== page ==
Where to go

La Paz and surroundings

La Paz is a frequent point of arrival for visitors to Bolivia, either by air or overland from Peru. The city combines spectacular views, endless street markets, interesting museums, and popular dining and nightlife. It is also a transport hub providing access to attractions in the surrounding highlands. These include Bolivia's best-known archaeological site at Tiahuanaco, and not-to-be-missed Lake Titicaca. Many people enjoy the lake from the popular resort of Copacabana and timeless Isla del Sol, but you can also sail on its azure- blue waters on tourist vessels or head for the less-visited northeast shore. La Paz is also the start of the adrenalin-fuelled bike ride down 'the world's most dangerous road'. It leads to Coroico and the surrounding subtropical Yungas, and the area is well worth visiting for a couple of days. Also reached from La Paz is the trekking and climbing centre of Sorata and, further afield, the mountain wilderness of the Cordillera Apolobamba.

The salar and coloured lakes

In the southwest of Bolivia lies an impressive and bizarre natural beauty. The 10,000 sq-km salt-flats of the Salar de Uyuni are one of the country's main attractions and tours here usually include Reserva Eduardo Avaroa, home to multicoloured lakes, geysers, vicuñas and flamingos. The town of Uyuni is a common access point, but a more laid-back alternative is Tupiza, surrounded by spectacular canyon- lands worth exploring in their own right.

Santa Cruz and the Jesuit missions

Santa Cruz is the jumping-off point for the famous Jesuit missions circuit, as well as providing access to the delightful upland resort of Samaipata and nearby Parque Nacional Amboró. Also accessed from Santa Cruz, but much more remote, is Parque Nacional Noel Kempff Mercado, a lost world of jungle plateaux and waterfalls.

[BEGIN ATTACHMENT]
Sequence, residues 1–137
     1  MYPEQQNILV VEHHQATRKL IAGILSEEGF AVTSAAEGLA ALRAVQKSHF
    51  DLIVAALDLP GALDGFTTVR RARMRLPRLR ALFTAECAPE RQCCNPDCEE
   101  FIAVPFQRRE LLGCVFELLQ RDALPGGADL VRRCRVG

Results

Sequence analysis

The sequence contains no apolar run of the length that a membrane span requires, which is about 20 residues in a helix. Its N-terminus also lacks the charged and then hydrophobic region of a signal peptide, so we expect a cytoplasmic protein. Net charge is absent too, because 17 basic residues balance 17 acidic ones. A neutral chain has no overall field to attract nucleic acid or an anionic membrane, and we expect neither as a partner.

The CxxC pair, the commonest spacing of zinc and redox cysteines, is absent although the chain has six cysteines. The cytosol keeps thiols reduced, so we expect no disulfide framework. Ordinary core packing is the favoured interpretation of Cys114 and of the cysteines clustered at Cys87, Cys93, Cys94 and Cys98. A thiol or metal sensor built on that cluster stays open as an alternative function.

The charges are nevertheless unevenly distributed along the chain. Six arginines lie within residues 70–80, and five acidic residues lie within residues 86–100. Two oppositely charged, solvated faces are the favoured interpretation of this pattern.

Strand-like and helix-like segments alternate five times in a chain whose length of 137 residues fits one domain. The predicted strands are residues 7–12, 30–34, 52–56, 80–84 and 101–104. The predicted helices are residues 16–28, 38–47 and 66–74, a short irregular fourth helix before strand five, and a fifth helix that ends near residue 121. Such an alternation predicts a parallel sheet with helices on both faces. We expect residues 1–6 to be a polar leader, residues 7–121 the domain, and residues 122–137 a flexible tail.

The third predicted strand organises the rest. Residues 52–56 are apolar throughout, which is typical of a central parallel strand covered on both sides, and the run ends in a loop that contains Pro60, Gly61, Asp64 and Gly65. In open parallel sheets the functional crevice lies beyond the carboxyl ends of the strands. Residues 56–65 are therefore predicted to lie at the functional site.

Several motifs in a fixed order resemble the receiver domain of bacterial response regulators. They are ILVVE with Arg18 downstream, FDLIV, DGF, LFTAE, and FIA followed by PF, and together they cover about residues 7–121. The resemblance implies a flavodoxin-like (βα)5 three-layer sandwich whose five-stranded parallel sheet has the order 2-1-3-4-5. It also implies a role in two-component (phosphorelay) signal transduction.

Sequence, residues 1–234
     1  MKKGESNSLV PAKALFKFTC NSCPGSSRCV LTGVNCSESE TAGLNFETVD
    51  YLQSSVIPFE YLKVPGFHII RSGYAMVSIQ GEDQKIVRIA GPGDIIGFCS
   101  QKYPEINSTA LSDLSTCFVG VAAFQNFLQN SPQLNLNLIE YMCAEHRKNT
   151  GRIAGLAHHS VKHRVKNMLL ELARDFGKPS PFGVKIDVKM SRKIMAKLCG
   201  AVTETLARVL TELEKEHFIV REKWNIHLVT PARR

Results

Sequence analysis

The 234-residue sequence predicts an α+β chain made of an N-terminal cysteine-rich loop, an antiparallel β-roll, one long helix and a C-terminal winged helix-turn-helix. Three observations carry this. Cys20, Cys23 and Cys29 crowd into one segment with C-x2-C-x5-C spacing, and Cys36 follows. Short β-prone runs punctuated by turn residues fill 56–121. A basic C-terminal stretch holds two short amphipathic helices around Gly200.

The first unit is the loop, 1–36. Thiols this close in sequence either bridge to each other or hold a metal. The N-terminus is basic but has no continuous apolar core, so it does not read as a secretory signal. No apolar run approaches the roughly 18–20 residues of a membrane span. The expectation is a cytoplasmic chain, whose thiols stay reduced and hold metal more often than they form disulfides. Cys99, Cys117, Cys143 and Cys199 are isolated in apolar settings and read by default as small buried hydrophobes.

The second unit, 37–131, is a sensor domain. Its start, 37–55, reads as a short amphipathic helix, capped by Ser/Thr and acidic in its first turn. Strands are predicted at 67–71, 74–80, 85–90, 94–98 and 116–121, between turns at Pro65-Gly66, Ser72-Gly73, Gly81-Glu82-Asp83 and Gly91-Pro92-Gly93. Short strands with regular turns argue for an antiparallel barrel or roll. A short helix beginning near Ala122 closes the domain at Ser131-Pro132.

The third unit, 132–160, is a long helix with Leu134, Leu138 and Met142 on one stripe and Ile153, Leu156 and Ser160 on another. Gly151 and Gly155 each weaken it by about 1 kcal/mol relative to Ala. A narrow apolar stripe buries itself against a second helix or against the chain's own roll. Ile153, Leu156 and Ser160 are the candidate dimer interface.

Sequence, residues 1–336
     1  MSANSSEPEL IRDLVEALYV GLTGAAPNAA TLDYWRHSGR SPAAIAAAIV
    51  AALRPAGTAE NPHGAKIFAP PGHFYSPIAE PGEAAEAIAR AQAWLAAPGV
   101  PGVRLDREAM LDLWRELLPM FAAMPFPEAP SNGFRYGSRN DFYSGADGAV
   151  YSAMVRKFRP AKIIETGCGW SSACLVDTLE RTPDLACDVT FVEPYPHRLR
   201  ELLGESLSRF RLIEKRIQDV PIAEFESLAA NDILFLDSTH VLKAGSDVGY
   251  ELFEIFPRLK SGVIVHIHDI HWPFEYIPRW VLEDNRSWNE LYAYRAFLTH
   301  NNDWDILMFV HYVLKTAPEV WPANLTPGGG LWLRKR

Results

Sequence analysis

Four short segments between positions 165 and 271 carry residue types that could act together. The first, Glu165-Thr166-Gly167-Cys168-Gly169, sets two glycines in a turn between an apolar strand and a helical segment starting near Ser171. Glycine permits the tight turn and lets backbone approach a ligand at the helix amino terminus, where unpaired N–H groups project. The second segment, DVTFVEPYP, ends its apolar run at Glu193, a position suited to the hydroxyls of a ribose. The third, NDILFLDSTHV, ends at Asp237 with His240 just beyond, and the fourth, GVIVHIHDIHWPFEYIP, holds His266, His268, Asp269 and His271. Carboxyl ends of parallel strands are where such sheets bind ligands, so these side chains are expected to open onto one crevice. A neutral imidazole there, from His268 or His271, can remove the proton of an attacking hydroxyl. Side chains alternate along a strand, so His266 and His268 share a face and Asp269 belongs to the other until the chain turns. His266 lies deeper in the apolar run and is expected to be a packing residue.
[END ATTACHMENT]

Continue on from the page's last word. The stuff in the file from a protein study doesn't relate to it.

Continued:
Rurrenabaque and the Amazon

This small town, reached by air or a long and difficult bus ride from La Paz, is the most important access point to several world- famous national parks and lodges in the Bolivian Amazon. Rurre receives many visitors yet it lies at the very edge of the immense northern jungle region, which is mostly untouristed and merits a trip all of its own.

Cochabamba, Sucre, Potosí, Tarija

In the central and southern highlands, Cochabamba and Sucre are popular places to study Spanish or do a stint of volunteer work, while Potosí's legendary mines and colonial mint attract a steady stream of visitors. Tarija is an especially friendly place that offers the best fruit, wine and brandy in Bolivia.

This is edited copy from Footprint Handbooks. For comprehensive details (incl address, tel no, directions, opening times and prices) please refer to book or individual chapter PDF
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